At the same time, what we lack in our country is the collective will to execute projects and to top it, is the opposition we get from minions and red brigades, which end up shelving the projects on the whole!! Sometimes, I think we need an informed dictator to rule us who can take right decisions without consulting anyone!!

Cheers Captain!

Athul said...
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Blog-Capt. Anup Murthy said...

I agree Venkat. Our aviation history is also rich by the way but pioneers such as the great JRD Tata were sidelined and even sacked. If you remember, Air India in the 70's was among the best Airlines in the World. JRD was at the helm, after all, he started the original airline that was nationalized and taken over during Mrs. Gandhi's drive to nationalize everything. We had a dictator then, not an informed one, though! When Morarji Desai came to power, he sacked JRD Tata, one of the strange things he did in his Government's brief rule and Air India from then on nose dived to be among the top Airlines of the bottom pool of the worst Airlines in the World.

Venkat Ramanan said...

Hello Sir!
Me again with an Airlines related doubt! :-)

Some of the airlines have reported incomes from Sale and lease-back of Aircrafts. How do they generate income and show profits that too when there is depreciation on cost for sale or lease? Is the cost dependant on demand on supply also? Your response could throw some light on this doubt I have! Thanks in advance captain!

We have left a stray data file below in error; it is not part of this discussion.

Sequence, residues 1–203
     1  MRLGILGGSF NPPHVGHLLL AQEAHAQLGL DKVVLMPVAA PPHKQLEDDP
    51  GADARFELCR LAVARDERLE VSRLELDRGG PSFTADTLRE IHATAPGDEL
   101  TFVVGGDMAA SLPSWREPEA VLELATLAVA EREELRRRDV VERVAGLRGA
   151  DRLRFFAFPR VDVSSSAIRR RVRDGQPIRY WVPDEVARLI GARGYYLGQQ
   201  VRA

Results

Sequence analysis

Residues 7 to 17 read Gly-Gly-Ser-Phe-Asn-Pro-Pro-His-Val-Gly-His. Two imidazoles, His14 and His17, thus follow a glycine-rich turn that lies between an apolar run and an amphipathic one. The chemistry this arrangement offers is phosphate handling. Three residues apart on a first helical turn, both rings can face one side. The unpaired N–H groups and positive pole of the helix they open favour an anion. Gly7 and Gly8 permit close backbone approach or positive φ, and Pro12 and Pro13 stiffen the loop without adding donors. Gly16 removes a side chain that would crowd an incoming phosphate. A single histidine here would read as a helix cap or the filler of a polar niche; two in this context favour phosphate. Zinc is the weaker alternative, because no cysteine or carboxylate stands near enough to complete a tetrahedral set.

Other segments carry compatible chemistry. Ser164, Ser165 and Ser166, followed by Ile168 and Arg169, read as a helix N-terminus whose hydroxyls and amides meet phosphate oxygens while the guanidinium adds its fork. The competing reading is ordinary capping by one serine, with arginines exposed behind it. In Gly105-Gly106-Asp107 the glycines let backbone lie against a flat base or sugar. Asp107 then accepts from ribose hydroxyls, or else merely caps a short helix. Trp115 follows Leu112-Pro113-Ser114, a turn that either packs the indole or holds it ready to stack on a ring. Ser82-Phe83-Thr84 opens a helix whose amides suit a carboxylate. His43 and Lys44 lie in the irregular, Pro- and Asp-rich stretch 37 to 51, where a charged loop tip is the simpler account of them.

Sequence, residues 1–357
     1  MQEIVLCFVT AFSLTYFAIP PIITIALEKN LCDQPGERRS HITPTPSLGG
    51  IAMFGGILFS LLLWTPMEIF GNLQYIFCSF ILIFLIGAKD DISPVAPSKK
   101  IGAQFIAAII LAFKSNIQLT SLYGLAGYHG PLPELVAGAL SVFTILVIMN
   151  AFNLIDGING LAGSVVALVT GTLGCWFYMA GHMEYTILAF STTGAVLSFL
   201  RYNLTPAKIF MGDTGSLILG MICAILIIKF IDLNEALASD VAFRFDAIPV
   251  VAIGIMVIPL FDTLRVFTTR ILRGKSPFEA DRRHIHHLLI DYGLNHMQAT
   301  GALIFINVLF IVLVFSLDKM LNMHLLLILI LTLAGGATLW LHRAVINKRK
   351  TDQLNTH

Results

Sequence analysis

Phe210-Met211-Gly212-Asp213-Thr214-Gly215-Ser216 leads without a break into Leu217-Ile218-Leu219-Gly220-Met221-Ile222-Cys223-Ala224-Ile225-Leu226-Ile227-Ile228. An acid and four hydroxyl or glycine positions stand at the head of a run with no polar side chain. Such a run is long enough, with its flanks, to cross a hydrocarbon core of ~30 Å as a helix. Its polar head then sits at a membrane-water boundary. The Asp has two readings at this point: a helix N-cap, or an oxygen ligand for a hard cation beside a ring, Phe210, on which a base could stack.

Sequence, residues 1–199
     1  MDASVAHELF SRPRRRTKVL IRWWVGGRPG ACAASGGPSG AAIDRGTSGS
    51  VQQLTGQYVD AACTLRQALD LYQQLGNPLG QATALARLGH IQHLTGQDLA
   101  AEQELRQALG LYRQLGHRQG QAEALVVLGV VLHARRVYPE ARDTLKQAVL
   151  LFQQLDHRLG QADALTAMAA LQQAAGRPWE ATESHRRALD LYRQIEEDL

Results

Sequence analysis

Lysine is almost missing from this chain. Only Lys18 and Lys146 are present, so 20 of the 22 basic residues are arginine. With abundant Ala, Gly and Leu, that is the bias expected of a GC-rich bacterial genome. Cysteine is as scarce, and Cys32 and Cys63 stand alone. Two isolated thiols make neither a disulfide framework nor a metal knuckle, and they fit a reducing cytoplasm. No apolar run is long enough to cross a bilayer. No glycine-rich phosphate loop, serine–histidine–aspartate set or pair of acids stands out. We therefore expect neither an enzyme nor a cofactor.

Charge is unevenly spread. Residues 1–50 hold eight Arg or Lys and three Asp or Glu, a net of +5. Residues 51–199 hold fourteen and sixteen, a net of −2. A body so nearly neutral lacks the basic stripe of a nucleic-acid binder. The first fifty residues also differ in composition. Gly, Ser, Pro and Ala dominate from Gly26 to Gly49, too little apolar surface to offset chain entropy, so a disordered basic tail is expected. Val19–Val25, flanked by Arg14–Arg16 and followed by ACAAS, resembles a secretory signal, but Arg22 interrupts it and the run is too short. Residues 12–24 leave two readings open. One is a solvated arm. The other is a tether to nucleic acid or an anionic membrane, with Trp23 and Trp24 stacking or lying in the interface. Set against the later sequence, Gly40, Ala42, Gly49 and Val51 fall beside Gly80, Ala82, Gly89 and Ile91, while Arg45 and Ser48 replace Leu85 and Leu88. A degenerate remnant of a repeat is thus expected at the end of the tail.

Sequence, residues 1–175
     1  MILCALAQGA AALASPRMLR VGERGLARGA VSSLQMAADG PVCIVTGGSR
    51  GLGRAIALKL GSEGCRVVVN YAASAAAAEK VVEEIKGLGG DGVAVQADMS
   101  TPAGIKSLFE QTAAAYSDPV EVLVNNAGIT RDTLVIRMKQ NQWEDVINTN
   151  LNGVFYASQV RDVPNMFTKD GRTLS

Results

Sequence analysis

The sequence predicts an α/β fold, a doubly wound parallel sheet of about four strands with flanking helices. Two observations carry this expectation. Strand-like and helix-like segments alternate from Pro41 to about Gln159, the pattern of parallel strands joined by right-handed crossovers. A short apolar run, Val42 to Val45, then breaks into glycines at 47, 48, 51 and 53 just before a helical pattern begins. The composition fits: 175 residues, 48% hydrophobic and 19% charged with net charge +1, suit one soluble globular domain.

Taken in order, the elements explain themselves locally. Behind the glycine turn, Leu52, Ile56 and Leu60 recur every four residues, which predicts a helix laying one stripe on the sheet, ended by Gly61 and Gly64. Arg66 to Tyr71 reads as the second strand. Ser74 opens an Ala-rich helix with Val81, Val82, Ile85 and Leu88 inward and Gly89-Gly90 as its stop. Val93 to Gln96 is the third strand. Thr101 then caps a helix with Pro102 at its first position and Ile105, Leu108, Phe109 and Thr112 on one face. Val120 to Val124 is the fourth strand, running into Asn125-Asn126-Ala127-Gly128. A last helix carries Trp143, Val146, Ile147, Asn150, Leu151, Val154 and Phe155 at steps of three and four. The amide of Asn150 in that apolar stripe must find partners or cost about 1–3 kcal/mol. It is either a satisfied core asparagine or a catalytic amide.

Blog-Capt. Anup Murthy said...

Thanks for the question Venkat. Sale and lease back of older Aircraft is additional and usually a one-time income. It does help profitability as non-operational revenue. Aircraft are depreciated on the "books" only, depending on how much each country allows. Book depreciation does not actually have anything to do with the market price. Demand and supply drives the prices. For example, you could have purchased a Bell407 Helicopter two or three years ago and want to sell it now. The demand is so great and waiting period for a new Bell 407 (other examples are also there but giving you this at the moment)is till end 2008, that a used two/three year old will get you the same price that you paid for it then!

There are cases where the value of an Aircraft actually appreciates, again this depends on the market. Vintage Aircraft such as the T-28 Trojan that I wrote about, in an earlier blog piece, used to be sold new (those days) at perhaps half of what price it commands now.
Hope this answers your question.